For several decades now, women are represented almost equally with men, and enjoy equal opportunities at workplaces. According to Forbes’ article on the 8 blind spots between sexes at work, the varying characteristics between the two genders may cause many of the problems at work. However, little did you know that these gender differences play an influential role in the workplace. Let us elaborate on the five type of common differences between the two genders at the workplace.
1. Attention Span
It is natural for a woman to multitask as compared to men, especially in stressful situations. Women find it difficult to understand and believe that a man is unable to do the same. When a man is under stress, he tends to develop tunnel vision and fails to provide attention to his surroundings. In such situations, women may find it offensive and take it personally.
Research shows that 80% of women prefer to ask questions even when they know the answer. They feel that questions can stimulate an exchange of ideas and help arrive at a common consensus. Due to the lack of attention span, 72% of men feel that women ask too many questions. Research states that these questions could actually help to generate better outcomes and improve communication among the team members.
Men and women have different way of handling their emotions. Research shows that men are as emotional as women but they tend to hide their feelings more. Men only reveal their feelings when they are under great pressure, as they usually seek space and solitude. Most men prefer to shut down and re energize internally, rather than talking out their problems. If they do talk out, they will seek comfort in close buddies.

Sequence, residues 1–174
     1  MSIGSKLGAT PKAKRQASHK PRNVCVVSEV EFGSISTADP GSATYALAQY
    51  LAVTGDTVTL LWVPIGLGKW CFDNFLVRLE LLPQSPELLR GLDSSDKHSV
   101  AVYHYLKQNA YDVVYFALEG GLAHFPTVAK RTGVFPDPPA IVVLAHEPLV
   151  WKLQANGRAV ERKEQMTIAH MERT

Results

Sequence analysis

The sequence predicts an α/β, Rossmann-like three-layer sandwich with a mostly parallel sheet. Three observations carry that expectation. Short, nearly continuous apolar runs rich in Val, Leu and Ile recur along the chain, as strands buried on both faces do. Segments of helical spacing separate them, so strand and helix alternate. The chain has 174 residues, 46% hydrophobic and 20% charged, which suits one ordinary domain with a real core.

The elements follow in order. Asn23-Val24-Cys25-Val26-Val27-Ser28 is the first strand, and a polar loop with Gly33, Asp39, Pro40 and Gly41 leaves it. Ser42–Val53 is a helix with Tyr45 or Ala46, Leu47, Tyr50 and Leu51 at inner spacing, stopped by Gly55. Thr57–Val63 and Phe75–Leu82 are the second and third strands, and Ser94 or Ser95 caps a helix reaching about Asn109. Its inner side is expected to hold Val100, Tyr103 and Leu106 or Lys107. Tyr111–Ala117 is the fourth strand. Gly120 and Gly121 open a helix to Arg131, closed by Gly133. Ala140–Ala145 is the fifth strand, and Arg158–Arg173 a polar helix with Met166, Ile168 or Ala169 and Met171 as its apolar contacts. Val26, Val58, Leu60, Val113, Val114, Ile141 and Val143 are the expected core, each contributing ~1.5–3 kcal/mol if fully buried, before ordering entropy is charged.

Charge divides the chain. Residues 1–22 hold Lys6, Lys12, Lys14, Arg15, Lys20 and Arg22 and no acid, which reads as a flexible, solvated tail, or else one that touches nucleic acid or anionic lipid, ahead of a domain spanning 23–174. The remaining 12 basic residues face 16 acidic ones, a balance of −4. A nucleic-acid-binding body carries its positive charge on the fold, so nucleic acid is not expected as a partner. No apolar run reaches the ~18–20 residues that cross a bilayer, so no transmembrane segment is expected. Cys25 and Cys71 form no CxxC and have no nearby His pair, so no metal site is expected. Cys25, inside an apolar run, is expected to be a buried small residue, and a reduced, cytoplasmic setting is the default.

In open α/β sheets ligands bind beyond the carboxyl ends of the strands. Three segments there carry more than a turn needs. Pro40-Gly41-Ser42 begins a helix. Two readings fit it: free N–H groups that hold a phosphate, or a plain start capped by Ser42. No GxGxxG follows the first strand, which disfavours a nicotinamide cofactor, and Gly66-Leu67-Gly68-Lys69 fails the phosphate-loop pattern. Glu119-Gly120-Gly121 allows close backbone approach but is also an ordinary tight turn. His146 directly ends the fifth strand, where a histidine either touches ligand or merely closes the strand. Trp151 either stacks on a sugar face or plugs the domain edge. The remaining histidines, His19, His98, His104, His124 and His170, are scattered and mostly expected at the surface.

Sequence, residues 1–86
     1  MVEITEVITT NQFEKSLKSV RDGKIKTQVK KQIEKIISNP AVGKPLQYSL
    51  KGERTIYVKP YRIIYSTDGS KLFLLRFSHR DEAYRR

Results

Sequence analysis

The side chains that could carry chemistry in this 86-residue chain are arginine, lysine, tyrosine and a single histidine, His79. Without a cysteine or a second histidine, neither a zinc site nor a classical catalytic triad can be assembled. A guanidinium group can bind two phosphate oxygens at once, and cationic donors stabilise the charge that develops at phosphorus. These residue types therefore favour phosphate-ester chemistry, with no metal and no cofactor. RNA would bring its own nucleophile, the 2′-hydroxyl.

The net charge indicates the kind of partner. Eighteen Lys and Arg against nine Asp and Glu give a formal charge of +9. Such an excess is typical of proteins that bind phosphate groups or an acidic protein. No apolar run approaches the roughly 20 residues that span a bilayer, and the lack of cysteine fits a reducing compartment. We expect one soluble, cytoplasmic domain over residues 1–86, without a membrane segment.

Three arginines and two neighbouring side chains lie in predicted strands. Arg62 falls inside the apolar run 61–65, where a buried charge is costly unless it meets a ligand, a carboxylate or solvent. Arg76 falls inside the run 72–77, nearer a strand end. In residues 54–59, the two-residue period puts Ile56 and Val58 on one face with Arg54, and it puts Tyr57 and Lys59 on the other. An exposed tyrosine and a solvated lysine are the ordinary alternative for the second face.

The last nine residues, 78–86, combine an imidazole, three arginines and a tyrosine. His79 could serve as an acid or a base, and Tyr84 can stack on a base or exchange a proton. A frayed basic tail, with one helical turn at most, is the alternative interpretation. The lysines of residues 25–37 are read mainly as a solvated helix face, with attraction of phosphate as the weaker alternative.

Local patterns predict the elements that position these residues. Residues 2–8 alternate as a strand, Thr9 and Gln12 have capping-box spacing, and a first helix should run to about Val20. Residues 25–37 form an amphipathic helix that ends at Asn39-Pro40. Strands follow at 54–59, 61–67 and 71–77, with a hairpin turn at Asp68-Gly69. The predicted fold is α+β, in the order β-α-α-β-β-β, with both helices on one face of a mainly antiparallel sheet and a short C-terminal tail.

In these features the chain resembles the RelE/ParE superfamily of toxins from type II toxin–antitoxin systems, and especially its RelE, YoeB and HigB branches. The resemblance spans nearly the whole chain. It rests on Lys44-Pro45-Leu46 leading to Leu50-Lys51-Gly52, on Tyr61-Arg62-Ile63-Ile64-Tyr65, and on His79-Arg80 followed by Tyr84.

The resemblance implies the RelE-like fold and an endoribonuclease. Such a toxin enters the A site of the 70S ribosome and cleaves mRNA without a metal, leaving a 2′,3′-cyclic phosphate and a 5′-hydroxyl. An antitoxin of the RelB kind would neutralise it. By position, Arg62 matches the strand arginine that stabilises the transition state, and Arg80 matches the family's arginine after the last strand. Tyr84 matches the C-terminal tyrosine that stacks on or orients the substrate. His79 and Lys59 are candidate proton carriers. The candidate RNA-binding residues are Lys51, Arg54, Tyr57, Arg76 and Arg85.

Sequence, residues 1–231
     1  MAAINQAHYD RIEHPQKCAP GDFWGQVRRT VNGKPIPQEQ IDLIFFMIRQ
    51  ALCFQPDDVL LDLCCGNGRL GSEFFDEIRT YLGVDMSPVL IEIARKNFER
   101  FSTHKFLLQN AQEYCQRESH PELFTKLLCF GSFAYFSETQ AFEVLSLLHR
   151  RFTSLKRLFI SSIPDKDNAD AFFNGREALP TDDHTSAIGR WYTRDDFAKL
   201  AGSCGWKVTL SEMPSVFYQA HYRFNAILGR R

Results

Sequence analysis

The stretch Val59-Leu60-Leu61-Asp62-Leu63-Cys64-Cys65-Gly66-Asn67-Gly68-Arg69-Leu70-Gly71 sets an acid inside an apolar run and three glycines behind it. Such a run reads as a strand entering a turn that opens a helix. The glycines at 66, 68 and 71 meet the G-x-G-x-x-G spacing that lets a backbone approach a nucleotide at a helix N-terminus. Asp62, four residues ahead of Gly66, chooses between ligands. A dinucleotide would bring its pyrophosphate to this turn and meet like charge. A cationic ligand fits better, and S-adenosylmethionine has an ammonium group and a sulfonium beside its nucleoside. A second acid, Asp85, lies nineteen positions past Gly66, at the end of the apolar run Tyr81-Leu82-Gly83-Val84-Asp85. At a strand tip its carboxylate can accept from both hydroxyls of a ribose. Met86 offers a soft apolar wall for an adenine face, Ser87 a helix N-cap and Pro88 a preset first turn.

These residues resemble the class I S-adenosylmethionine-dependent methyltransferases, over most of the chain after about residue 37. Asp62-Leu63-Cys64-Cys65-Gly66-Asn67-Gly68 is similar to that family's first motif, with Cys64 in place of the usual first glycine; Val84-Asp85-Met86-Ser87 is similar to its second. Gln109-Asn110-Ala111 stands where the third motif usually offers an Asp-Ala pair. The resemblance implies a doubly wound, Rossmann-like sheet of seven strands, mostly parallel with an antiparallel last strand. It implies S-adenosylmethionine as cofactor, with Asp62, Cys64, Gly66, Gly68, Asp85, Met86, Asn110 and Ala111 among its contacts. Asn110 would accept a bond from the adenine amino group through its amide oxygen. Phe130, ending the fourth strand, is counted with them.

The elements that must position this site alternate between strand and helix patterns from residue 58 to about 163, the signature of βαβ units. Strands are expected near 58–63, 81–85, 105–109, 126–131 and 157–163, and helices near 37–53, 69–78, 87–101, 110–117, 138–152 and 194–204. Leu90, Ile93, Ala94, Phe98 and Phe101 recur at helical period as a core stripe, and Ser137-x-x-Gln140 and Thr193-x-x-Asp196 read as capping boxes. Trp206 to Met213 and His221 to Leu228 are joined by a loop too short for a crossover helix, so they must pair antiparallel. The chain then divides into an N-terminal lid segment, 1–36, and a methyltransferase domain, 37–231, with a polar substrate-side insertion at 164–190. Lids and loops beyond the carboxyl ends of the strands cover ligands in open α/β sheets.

In contrast, women tend to express and share their emotions to anyone freely, including strangers. Women prefer heart to heart talk, or rant out to release their inner tension. The other party could be anybody, as long as the party is willing to listen, empathize and support them.
3. Communication Style
Generally, men are results oriented and have a tendency to focus on what is critical. They frequently prioritize and sequence their work to achieve the goals. On the other hand, women are process focused, and are motivated by the effort going into the process of attaining goals. Women are conscientious workers and need to have all factors considered before executing. This gender intelligence difference has brought several conflicts in workplaces where women feel like their wishes are ignored by men, who only have thoughts on getting work done.
On another aspect of communication style, 79% of men feel that they need to be careful and indirect when dealing with women, especially with critical feedback. There are two common types of women in the workplace - one who gets emotional easily and one who is assertive. Emotional women get affected easily and may cry in office or performance reviews.
Men have also mentioned that they have troubles dealing with both emotional and assertive types, which may create a barrier in transparent communication. These men mentioned that they are afraid of being straight with women, for fear of offending them. 82% of women say they would prefer receiving direct feedback from men.